“We’re bringing Quintin in to carry the rock. We think he will be a great fit in our offense,” Blascoe said. “We’re a little light at running back right now, and we think he will be a great addition. We think he will be a good downhill runner.”

“I wanted to play running back in college,” Mickens said. “I think I’m better on offense and can provide more to the team on offense than defense. I’m looking forward to Pikeville. It’s close to home and I will have several of my teammates there with me.”

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Rodrigues was first in receptions last year for the Bears with 43 for 543 yards and five touchdowns. He also led the team in interceptions with five, including one late in the state semifinal game at Madison Southern.

“I think D-Rod will go down as one of the most memorable Bears in the history of the program — mostly because of his play on the field, but also because of his unique personality,” Creech said. “We watched this kid turn into an outstanding athlete right before our eyes. He has great hands, quick feet and great speed. He is almost always joking around so it is hard to really see it sometimes, but D-Rod is also a very heady, smart player. I think D-Rod has as much upside as anyone we are sending to play college ball when you consider what he will be in four years from today if he sticks with it.”

“We have a need at defensive back and we think he can be one of those guys to be able to lock down receivers,” Blasco said. “He’s an aggressive player who can make plays for us.”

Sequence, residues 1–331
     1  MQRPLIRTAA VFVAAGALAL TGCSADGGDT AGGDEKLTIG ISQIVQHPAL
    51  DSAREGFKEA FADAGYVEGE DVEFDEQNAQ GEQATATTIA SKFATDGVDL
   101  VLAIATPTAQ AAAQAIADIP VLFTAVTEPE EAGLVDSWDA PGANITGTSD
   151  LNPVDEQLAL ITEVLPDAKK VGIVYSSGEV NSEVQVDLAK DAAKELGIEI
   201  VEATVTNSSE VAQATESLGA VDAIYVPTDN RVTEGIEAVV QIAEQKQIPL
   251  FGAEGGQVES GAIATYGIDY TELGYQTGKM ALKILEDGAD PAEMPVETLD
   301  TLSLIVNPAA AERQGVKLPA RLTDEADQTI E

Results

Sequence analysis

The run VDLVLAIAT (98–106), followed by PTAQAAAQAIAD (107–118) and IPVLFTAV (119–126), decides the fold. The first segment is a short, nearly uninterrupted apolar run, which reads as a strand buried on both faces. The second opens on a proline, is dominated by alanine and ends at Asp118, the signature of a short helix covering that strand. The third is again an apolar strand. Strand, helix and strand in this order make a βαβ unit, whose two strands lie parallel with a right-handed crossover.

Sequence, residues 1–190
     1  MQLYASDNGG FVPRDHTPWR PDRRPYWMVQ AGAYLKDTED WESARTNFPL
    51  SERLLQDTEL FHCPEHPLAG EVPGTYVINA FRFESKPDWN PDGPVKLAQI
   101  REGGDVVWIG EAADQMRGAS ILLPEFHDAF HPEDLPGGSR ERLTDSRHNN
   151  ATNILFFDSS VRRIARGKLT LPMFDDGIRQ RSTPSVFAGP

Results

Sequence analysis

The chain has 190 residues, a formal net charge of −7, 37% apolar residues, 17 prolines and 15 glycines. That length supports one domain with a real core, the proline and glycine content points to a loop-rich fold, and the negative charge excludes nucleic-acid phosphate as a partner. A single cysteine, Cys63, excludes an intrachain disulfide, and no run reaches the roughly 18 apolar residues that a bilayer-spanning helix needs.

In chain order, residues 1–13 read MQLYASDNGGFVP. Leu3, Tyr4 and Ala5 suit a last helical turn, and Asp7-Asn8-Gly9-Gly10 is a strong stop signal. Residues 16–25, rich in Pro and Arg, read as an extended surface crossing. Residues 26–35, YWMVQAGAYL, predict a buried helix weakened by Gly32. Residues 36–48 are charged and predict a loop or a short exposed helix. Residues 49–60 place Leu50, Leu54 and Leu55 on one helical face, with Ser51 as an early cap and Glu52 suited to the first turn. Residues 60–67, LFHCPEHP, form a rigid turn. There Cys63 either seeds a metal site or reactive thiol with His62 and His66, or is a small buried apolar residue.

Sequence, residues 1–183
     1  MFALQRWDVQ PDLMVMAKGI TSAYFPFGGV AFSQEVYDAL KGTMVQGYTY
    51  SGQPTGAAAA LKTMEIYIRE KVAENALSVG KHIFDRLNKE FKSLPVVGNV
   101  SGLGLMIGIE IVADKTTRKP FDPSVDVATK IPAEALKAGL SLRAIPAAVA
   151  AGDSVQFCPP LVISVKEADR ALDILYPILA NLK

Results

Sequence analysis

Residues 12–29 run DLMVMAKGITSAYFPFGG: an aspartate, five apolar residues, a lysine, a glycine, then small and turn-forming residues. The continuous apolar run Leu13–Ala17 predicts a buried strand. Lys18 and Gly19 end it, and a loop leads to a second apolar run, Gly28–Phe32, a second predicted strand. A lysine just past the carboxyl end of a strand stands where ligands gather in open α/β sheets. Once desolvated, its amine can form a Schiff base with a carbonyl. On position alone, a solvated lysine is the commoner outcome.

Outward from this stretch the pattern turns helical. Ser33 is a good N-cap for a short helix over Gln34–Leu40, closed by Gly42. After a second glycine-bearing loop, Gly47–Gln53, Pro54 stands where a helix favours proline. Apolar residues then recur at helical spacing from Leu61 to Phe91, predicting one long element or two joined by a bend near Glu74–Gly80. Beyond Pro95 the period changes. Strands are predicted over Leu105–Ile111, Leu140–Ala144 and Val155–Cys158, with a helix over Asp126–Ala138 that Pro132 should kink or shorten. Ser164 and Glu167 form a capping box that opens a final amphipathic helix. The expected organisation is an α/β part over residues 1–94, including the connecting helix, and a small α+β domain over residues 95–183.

“I think I can work both sides of the ball,” Rodrigues said. “Whatever they need, I will execute and do what I can. We all wanted to stick together and felt the University of Pikeville was the best choice. I will always have my heart here at HC though and it breaks my heart to leave.”

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Ward led all HCHS lineman in tackles last year with 72, ranking third on the team behind linebackers Garry Henson and Caleb Carmical.

“Ward’s dedication to changing his body over the course of the last four years is unmatched, in my opinion,” Creech said. “He had a phenomenal year at defensive tackle and later in the year as a great blocker on the offensive line. People could not move him because of his strength, and he read counter trey as well as I have ever seen. He would squeeze and make the play every time. He will knock somebody right in the mouth next year at UPike. You can take that to the bank.”

“He’ll play the defensive line for us. We’re calling him Cole Kidwell Jr. since we have him at Pikeville now and they are similar players,” Blasco said. “They are the same body type and are big, strong kids who love the weightroom. We’re excited for him to come in and get to work.”

Ward said having a former teammate already at Pikeville made the decision easier for him.

“I liked Pikeville because it was close to home. I looked up to Cole as a freshman and thought I’d like to go play college ball like him,” Ward said. “We worked out a little together at Pikeville when they were on spring break.”

Ward also feels he helped leave the HCHS program in a good place.

“I hope what we’ve done inspires other players to do the best they can do,” he said.